- Onze-Lieve-Vrouwekathedraal (‘Cathedral of Our Lady’): Constructed in 1518, it is an icon of the Gothic style of architecture. Not only is it breathtaking from the streets, the building houses masterpieces of local Baroque painters, most notable four works from Peter Paul Rubens. It’s the tallest church tower in the Benelux region, with its largest bell requiring 16 bell-ringers to operate.
- Boerentoren (‘Farmer’s Tower’): Often considered to be the first European skyscraper, this monument was constructed in 1932. Standing at 88 meters tall, a whopping 26 storeys, it typifies the Art Deco style. Unfortunately, this building can only be appreciated from the outside, the rooftop observation deck hasn’t be accessible by the public since the 1970’s.
- Rubenshuis: Unassuming from the streets, this building is the former home and studio of the Baroque artist Peter Paul Rubens (1577-1640). It’s now a dedicated museum to the artist and his contemporaries, housing masterpieces from the era. It houses the Rubenianum, a center and archive dedicated to the artist; the central courtyard harkens to the best of Italian opulence.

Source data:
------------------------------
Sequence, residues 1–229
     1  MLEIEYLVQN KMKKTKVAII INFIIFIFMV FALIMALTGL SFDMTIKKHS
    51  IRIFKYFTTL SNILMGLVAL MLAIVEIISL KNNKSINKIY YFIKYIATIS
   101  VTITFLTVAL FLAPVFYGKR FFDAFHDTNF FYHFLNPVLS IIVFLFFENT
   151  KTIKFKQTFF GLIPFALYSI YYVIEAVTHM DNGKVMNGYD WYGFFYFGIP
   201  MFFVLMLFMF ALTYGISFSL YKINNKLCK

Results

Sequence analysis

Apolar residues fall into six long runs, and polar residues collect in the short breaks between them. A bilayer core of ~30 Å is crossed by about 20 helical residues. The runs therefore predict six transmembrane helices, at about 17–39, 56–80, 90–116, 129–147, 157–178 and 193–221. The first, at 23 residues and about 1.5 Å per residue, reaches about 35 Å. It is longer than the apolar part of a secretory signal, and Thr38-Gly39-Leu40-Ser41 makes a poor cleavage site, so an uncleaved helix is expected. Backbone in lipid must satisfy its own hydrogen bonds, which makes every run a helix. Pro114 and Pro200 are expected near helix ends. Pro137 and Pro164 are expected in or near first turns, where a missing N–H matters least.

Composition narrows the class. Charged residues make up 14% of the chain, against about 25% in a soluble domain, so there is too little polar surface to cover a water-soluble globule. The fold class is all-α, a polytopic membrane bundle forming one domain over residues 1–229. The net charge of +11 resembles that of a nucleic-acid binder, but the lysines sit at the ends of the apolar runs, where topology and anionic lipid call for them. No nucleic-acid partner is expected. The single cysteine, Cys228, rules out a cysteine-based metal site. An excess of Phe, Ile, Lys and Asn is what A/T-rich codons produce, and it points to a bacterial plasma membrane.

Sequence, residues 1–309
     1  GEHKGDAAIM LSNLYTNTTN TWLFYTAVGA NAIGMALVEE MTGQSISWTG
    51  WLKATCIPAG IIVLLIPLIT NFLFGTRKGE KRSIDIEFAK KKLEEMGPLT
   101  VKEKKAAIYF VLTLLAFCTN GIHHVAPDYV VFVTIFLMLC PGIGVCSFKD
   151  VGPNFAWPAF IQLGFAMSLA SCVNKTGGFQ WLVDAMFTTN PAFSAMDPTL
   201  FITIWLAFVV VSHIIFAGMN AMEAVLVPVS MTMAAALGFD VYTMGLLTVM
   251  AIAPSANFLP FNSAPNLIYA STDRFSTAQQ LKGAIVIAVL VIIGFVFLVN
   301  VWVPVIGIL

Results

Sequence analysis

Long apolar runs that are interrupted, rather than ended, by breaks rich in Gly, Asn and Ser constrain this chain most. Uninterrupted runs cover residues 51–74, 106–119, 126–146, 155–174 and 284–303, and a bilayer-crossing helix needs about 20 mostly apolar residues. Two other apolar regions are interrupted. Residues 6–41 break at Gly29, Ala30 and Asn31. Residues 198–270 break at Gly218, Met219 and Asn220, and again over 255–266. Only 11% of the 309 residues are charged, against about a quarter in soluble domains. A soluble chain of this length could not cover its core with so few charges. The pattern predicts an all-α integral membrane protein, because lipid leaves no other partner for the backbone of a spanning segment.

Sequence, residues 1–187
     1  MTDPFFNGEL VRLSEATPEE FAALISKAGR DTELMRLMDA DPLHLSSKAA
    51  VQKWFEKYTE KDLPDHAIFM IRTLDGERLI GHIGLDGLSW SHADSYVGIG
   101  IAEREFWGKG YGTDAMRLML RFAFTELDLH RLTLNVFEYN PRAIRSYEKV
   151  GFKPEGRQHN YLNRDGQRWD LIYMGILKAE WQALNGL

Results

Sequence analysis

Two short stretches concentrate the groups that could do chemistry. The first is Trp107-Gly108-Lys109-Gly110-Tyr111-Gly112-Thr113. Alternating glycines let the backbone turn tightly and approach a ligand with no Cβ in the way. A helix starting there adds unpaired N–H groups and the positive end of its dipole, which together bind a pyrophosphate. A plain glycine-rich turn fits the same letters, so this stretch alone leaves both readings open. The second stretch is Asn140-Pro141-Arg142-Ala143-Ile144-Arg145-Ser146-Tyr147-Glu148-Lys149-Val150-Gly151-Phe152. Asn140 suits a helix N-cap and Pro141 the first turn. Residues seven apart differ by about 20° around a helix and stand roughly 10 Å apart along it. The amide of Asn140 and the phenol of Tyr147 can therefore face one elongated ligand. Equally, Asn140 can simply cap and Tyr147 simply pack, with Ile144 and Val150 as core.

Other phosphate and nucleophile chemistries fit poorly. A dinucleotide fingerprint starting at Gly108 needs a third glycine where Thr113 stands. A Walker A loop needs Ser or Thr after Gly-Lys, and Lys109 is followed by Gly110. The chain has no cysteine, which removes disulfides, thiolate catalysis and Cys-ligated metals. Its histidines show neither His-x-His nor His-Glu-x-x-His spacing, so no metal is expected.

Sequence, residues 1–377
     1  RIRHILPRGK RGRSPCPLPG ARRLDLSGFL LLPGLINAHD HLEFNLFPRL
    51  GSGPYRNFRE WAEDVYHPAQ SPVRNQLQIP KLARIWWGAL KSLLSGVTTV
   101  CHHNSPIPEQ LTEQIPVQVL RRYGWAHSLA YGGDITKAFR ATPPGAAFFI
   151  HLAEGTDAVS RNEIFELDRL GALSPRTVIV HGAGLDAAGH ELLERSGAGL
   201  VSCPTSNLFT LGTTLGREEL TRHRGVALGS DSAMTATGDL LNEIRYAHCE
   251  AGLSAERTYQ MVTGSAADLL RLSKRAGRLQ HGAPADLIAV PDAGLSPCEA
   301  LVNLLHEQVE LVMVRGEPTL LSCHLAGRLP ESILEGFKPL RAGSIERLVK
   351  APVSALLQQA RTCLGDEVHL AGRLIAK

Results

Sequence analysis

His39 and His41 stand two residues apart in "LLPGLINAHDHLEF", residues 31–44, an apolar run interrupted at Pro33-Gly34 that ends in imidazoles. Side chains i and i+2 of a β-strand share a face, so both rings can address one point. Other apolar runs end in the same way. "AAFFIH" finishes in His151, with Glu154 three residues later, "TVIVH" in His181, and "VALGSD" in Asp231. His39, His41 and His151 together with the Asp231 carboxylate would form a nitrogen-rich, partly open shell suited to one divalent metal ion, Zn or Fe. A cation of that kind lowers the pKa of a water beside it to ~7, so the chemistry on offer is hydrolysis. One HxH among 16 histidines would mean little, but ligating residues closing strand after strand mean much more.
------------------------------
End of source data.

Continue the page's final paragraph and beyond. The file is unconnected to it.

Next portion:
The Final Word On A Quick Trip To Antwerp
Antwerp has a sophisticated history, with incredible highs and crippling lows. It has often competed, and traded prominence with Bruges and Amsterdam; these cities have powered trade and innovation on the North Sea for millennia. The wealth of the city has left opulent marks throughout Antwerp, with modern additions in the last century. It is now known primarily as a hub in the international diamond market; this wealth has spurred the nascent fashion and cultural industries that will bring this city into the future.
Antwerp is unique in its mix of modern and historical, a city best enjoyed on foot in the historic center, with an open wallet to enjoy the shopping and cuisine.
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Further Things To Consider Before Any Adventure